4 The Safeguarding Against Fraud, Exploitation, Threats, Extremism, and Consumer Harms Act (“SAFE TECH Act”) (H.R. 3421),
Of the four bills, this one will vindicate the injuries I deal with the most. First, in (c)(1) it changes the immunity from applying to “any information” provided by a third party to “any speech” provided by a third party. Hopefully courts will recognize this as an attempt to for courts to start distinguishing between content (immune) and conduct-based (hopefully not immune) harms.
SAFE TECH also removes immunity for speech that the ICS profited from or funded. As I have long advocated, this bill requires that 230 immunity be an affirmative defense for which the defendant has the burden of persuasion. This has the advantage of unburdening the court with having to play computer scientist in a 12(b)(6) decision, determining without facts from the defendant that they are in fact an ICS being treated as the publisher or speaker of information provided by another ICP. Other excellent provisions of SAFETECH include the immunity exclusion for injunctive relief which is important when a victims’ main concern is getting illegal material such as nonconsensual pornography or child sexual exploitation material off the web site. Finally, it creates five new categories of carve-outs: claims relating to 1) civil rights laws, 2) antitrust laws, 3) stalking, harassment or intimidation laws, 4) international human rights laws, and 5) wrongful death actions.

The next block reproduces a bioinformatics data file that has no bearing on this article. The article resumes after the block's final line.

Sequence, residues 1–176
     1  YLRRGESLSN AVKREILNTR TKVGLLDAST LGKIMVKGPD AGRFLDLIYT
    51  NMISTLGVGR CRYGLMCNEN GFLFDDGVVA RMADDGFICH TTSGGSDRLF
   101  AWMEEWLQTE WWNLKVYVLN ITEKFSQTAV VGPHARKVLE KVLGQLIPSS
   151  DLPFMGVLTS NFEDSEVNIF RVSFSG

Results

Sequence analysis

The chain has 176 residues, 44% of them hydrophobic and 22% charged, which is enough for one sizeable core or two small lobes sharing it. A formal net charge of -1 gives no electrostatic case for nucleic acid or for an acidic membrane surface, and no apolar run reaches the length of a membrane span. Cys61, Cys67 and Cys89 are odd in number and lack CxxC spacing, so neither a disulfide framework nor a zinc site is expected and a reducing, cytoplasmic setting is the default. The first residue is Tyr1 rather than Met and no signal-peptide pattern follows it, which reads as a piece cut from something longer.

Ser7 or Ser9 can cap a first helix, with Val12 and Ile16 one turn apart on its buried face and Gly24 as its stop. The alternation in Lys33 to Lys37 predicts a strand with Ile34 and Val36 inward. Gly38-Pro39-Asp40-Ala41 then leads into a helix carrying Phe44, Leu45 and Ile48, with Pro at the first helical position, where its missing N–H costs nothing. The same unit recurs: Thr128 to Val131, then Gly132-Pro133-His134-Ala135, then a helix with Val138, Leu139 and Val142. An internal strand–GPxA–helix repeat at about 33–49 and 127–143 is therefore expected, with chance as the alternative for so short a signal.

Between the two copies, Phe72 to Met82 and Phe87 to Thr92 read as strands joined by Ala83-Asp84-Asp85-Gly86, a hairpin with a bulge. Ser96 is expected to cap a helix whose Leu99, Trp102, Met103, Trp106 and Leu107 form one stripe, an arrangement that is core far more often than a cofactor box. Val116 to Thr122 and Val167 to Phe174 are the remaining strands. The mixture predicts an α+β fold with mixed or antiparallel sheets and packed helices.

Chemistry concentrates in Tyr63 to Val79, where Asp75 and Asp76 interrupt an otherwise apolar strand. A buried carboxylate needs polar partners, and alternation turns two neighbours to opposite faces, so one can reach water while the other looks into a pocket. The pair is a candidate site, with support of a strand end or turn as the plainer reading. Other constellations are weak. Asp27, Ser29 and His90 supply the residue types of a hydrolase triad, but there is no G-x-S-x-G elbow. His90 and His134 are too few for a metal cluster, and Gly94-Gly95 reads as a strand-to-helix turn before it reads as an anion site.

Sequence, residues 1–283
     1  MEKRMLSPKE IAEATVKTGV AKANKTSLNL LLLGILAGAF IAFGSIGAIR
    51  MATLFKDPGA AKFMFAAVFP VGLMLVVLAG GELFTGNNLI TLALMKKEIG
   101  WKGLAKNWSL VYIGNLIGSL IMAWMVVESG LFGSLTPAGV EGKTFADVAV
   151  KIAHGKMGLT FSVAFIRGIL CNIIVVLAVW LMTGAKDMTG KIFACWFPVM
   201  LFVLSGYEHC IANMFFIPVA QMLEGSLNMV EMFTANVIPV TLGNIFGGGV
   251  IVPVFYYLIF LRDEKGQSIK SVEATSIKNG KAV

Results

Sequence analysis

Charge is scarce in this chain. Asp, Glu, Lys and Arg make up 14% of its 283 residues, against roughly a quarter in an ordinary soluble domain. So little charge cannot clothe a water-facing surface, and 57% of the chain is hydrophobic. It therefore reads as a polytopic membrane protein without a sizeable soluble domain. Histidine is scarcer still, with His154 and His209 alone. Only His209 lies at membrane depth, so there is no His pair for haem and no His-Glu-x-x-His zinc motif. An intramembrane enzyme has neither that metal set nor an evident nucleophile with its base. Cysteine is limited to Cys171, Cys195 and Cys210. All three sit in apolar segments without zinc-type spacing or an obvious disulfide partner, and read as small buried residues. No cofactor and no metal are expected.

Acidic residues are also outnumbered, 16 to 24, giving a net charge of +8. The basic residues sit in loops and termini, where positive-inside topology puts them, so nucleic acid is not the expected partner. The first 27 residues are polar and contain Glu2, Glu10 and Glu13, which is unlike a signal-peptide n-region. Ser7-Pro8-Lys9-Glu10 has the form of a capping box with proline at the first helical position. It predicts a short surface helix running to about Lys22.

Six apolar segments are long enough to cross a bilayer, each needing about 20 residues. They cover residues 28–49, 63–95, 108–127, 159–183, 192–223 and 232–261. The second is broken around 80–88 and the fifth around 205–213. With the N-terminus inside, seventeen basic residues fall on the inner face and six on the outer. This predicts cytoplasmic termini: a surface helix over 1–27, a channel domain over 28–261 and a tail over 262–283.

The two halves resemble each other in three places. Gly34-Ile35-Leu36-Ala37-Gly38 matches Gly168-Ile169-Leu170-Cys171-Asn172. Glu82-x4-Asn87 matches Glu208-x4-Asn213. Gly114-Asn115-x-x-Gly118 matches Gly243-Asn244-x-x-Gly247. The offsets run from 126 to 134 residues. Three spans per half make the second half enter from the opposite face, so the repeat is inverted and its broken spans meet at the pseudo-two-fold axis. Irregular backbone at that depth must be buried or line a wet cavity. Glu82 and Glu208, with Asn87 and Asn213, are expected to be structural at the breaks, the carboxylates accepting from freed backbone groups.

The carve-outs are good, especially in that they apply to both state and federal laws but require some tweaking of the language in order to be useable by injured plaintiffs in litigation. Most specifically we need the carve-outs to apply to the facts and not laws. A technical point, but an important one. Many crimes, such as stalking, harassment, human rights abuses, do not have a private right of action. That is, victims can’t sue for the violation of these laws, but rather must use classic tort law to make their claim. For instance, my stalking clients in New York could not bring a lawsuit against their stalker or a platform that facilitated the stalking because there is no private right of action for stalking. Stalking is only a criminal law. Instead, a victim would sue the platform for negligence or breach of contract or negligent infliction of emotional distress. We also must eliminate the delimiter on the stalking, harassment and intimidation carve-out which requires “in whole or in part” that the harmful conduct be based on a protected class (i.e. sex (including sexual orientation and gender identity), race, color, religion, ancestry, national origin, physical or mental disability).